The official end of unit official survey gathered four text responses that mostly suggested the coursework was a bit long and clashed with other lab-reports etc. I should note that the teaching scores I received for this course were the highest for any physics course (all years) run during semester 1 of the 2014/2015 academic year.
For next year I’ll run the whole exercise again and again it’ll be formative. But I will shorten the activity by rearranging the wavefunctions (the starting points) for the questions. If I show the exam-marks graphs, perhaps a few more will be inspired to do the work, but then that’ll skew my data for next year’s analysis! Oh well back to paper writing now.
@andydolman suggested a nicer way to exploring the results. So here are the Atomic exam marks against mean semester 1 marks. The results are binned into 4 % wide semester 1 marks to get a mean and std of the mean for each bin.
Again we see that the students with lower overall semester 1 marks are aided by the coursework, but that many of them didn't attempt the coursework at all.
Year 2 analysis
What is it?
A second year course in Quantum and Atomic Physics run in the first semester of the academic term with just under 200 students, mostly physics students, but some Natural Scientists, some Maths and Physics and some straight maths students. The course is challenging and mostly all new physics. How to get the students to play with the mathematics core to the course which is not really suitable for an exam questions? Answer: course-work. The questions are designed to aid a deeper understanding of the physics. The course-work is formative, that is it does not count towards the final unit mark. I get about half the students submitting their work. The feedback I get is positive about the coursework.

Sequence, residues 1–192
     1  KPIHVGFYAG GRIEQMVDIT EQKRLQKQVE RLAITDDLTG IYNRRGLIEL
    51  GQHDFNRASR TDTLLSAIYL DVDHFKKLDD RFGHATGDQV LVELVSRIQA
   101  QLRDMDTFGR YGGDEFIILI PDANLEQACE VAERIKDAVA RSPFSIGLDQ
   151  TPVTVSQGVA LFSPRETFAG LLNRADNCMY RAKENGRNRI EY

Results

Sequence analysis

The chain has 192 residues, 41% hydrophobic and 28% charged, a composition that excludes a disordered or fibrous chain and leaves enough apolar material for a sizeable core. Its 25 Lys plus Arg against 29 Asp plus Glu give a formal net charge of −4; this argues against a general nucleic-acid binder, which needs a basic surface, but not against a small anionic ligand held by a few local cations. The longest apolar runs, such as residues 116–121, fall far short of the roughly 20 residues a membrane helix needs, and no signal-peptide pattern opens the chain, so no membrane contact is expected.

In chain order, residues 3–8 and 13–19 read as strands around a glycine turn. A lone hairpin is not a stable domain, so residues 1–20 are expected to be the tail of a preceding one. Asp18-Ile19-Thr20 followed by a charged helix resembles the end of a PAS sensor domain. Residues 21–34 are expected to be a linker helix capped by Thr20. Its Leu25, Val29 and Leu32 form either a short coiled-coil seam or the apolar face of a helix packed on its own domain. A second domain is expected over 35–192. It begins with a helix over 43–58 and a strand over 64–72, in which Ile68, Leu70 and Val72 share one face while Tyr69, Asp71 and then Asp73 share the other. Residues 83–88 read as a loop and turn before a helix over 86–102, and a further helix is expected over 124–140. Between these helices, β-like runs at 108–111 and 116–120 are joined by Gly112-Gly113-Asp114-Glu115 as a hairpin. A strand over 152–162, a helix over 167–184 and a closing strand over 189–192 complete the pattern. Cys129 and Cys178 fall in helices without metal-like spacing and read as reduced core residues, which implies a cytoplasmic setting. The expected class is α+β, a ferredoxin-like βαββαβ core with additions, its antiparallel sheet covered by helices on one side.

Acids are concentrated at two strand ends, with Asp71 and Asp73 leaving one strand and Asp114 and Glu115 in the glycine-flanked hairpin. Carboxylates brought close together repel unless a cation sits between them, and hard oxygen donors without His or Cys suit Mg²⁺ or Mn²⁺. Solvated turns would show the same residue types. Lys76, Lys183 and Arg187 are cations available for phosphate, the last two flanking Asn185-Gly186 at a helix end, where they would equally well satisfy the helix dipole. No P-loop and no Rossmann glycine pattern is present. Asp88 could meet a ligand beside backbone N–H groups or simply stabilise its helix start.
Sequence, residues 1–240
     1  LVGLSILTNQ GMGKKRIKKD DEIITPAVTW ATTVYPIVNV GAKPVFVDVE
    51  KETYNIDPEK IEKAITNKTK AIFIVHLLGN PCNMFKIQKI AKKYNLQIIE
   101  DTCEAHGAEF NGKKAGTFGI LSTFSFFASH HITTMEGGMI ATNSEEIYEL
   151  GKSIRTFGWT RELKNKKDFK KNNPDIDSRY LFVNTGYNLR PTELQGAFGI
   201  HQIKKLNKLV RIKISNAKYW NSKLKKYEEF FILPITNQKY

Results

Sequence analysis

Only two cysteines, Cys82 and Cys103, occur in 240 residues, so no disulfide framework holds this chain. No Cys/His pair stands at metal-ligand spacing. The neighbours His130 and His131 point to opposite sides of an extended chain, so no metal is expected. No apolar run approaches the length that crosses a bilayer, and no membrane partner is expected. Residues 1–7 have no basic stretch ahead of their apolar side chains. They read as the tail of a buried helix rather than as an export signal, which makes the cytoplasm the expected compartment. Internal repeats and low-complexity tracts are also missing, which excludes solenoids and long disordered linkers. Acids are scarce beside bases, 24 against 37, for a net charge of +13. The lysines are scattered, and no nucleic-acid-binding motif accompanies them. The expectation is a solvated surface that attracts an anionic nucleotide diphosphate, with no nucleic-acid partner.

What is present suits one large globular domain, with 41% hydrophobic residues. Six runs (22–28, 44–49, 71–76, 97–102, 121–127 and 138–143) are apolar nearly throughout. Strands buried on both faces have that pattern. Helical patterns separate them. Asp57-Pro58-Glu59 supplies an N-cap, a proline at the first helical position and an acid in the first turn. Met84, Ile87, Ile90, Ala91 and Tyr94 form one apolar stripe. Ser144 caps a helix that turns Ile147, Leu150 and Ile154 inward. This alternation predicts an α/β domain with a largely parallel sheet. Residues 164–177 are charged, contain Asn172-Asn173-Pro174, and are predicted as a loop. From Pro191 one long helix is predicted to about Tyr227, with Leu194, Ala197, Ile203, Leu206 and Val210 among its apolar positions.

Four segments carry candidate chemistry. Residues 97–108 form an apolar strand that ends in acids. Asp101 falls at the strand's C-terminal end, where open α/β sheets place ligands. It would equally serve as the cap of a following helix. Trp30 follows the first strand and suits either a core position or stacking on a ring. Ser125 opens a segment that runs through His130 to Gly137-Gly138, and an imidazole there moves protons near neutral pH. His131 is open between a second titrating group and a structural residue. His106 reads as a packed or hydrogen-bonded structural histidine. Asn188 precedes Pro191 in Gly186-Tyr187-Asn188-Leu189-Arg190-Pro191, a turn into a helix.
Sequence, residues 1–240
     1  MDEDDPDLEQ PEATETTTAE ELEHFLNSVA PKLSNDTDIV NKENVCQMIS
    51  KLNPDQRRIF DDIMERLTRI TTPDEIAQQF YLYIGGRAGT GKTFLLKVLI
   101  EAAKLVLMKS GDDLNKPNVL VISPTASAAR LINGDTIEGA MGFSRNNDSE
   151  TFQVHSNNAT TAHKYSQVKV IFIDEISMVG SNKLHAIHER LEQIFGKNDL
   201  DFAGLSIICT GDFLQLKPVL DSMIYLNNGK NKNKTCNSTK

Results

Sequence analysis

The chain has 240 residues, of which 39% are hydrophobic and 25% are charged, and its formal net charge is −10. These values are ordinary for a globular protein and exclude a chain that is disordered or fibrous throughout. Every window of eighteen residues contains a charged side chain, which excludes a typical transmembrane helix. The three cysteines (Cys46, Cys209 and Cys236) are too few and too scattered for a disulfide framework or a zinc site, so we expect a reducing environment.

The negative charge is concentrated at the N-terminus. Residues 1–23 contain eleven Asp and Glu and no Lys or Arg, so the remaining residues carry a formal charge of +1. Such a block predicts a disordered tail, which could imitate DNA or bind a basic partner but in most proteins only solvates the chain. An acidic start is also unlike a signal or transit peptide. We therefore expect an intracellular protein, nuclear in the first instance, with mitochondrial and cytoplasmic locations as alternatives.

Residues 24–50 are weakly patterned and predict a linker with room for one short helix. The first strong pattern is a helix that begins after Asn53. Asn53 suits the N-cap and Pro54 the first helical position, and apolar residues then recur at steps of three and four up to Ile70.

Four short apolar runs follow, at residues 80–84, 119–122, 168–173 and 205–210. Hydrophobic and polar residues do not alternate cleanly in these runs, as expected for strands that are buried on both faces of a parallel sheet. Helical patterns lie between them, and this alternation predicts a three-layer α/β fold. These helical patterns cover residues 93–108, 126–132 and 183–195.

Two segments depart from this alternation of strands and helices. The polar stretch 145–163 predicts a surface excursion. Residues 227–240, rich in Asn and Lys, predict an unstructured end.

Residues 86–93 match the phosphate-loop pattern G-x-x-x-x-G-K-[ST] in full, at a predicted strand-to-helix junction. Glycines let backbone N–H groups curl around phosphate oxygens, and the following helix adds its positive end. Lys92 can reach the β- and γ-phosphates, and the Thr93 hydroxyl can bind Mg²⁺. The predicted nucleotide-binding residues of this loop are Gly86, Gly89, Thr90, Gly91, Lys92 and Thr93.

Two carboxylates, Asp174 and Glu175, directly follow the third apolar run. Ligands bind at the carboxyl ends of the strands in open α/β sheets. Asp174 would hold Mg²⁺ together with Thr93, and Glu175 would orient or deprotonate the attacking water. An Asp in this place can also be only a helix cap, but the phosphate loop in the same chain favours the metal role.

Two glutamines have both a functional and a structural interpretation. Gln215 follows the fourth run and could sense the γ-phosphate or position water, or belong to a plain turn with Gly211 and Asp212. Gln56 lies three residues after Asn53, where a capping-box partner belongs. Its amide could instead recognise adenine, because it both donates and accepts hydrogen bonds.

Did it have an effect?
What to measure? I can measure the mark the students got for my bit of the Quantum and Atomic Exam and the overall average marks the students got for the semester, both for those that did the coursework and those that did not.
Click on the graph to see them at a more useful size. These charts show two years' worth of data.
- Students that have, monotonically, a higher overall average mark for the semester are more likely to hand-in the coursework, although students below an average of 40 % didn't do the coursework at all (bar 2 students).
- For students with an average mark above ~ 80 % the coursework makes little difference.
- Between 40% and 80% there is a reasonably consistent trend that those that did the coursework gain a higher atomic exam mark than those equivalent students (same average semester mark) that did not. The mean difference between hand-in/no-hand-in is (8 +- 2) %. Quite a bump up the mark scale.
Perhaps if we could similarly analyse the various problem-sheets as well we could see the bit by bit gain of marks that engaging with the course and the problems to solve gives.
The coursework is effective (to a degree) in providing a deeper understanding of the underlying physics.*
Many thanks to Kristina Rusimova for organizing the data.
*Assuming that is what the exam tests**.
** Another story.
Is my 2nd year coursework sexist?
As part of a drive to remove the gender imbalance in the sciences the Department of Physics at Bath is involved with the AthenaSWAN program. One item of note from the analysis of the degree outcome (sorry I can't find a link for that) has a slight (and perhaps statistically insignificant) imbalance in the degree outcome and gender. So the questions I wish to address here is was the coursework I set sexist? It is heavily based on the maths of quantum physics, and was so abstract as to have, to my mind, no gender implications.
Here are three sets of graphs for the combined 2014 + 2015 cohort, for males, females and all students.
What we see:
- Our women students are more likely to submit the coursework.
- The exam mark boost attained by completing the coursework was, to a large degree, consistent for women and for men.
Conclusion: The coursework is indeed gender neutral